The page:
Dupuytren: Disease for hand function

June 27, 2011 2:43:03 PM PDT
Dupuytren's foundation it's a disease most people have never heard of and probably can't begin to pronounce. But three percent of the US population has it -- a hand deformity that can make it impossible to straighten their fingers or even their toes.

It's a disease so old, it may date back all the way to the time of the Vikings. Surgery used to be the only way to fix it until now.

When Patrick Bergeron puts his hands to work, he can build almost anything. A house, even an airplane he's got back in the garage.

"I've made a living using my hands my whole life", said Bergeron.

But for 20 years, there were things his hands couldn't do, like picking up a jar or reaching in to get his keys.

"I couldn't get them in, couldn't get them in my pocket", said Bergeron.

His x-rays tell the story. Patrick had Dupuytren's contracture, a buildup of collagen that forms thick bands, pulling in the third and fourth fingers on each hand. Doctor George injects an enzyme called Xiaflex at three points to dissolve that tough band in his finger.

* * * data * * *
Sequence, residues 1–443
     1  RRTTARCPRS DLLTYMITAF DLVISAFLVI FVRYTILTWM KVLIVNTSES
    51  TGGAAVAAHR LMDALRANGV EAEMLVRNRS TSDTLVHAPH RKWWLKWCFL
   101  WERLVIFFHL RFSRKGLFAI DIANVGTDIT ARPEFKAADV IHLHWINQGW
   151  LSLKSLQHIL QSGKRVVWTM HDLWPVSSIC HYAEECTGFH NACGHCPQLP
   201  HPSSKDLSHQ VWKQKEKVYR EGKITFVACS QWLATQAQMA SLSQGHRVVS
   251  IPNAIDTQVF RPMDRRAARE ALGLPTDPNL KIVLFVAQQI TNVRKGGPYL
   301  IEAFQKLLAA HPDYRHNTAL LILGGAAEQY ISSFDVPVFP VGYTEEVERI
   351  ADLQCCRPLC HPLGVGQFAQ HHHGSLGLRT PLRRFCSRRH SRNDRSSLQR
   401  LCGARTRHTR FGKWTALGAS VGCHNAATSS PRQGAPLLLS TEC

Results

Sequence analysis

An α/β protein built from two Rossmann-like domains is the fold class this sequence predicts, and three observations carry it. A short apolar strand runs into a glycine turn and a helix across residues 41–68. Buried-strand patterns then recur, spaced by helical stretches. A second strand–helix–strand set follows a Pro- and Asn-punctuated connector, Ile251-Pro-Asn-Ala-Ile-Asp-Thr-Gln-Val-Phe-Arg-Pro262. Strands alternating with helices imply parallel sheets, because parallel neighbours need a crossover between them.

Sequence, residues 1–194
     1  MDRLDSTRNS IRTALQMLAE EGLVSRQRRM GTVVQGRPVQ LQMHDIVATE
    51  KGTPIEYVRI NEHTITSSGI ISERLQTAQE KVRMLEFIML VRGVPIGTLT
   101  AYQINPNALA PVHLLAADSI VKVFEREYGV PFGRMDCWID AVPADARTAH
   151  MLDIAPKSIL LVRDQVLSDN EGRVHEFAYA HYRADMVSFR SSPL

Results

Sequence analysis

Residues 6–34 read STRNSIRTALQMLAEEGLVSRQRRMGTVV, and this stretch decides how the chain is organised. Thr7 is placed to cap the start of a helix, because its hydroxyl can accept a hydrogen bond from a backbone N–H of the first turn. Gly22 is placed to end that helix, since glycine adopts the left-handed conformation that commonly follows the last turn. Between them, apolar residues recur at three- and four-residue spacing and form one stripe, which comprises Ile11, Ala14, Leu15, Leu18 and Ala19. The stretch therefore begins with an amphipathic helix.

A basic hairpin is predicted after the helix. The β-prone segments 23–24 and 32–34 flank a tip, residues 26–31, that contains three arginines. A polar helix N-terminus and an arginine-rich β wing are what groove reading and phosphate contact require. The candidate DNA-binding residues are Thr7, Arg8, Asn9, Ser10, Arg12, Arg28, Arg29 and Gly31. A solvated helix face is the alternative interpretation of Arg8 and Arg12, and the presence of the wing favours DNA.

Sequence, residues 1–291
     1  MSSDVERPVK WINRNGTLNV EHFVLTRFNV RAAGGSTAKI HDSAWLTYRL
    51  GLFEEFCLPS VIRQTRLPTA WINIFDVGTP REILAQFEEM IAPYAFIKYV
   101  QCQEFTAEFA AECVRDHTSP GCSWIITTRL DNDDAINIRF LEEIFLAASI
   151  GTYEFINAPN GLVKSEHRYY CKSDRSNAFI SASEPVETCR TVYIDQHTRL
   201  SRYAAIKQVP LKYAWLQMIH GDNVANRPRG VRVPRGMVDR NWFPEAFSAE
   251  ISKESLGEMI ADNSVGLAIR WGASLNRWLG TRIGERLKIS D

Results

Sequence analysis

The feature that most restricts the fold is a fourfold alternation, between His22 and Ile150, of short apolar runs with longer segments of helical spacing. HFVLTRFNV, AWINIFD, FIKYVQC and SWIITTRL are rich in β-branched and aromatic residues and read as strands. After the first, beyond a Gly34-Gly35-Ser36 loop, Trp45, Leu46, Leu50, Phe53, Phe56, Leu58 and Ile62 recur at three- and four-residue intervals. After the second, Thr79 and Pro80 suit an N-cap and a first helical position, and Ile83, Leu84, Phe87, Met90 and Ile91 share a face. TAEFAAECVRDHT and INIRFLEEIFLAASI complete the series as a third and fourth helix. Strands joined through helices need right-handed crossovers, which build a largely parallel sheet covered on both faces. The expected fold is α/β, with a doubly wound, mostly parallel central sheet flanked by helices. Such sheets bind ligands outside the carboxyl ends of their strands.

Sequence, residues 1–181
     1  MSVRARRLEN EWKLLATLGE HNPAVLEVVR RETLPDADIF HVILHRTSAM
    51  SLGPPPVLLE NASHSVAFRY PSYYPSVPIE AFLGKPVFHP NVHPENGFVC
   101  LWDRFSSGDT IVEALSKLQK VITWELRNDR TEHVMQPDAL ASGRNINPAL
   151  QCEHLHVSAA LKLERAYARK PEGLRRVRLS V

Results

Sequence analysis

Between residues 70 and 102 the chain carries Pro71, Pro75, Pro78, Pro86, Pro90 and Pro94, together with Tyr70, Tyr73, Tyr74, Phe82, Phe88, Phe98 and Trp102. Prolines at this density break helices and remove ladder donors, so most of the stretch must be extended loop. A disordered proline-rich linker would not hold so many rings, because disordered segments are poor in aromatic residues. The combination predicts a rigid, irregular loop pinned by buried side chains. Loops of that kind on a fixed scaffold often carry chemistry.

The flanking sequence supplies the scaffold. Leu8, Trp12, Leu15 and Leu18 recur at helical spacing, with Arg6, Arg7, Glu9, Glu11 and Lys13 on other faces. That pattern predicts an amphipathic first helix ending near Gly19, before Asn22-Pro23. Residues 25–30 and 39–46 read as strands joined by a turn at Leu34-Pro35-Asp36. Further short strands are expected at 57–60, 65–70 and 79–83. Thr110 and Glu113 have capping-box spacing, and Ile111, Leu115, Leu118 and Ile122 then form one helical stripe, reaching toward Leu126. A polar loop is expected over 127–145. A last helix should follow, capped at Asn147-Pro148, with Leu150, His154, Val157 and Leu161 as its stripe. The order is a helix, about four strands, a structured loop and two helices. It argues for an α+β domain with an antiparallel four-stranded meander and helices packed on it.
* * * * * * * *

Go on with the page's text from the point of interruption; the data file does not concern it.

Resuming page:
"That enzyme over a 25-hour period will basically erode or help to deteriorate this band", says hand surgeon, Dr. Eric George.

24 hours later, some local anesthetic is given along with a little manipulating to separate the tissue. And after one big pop, for the first time in 20 years, Patrick's finger is straight.

Now, after having all his fingers straightened, Patrick's got a lot more projects on his list and a lot less to worry about. A handy guy whose hands won't be a problem anymore.

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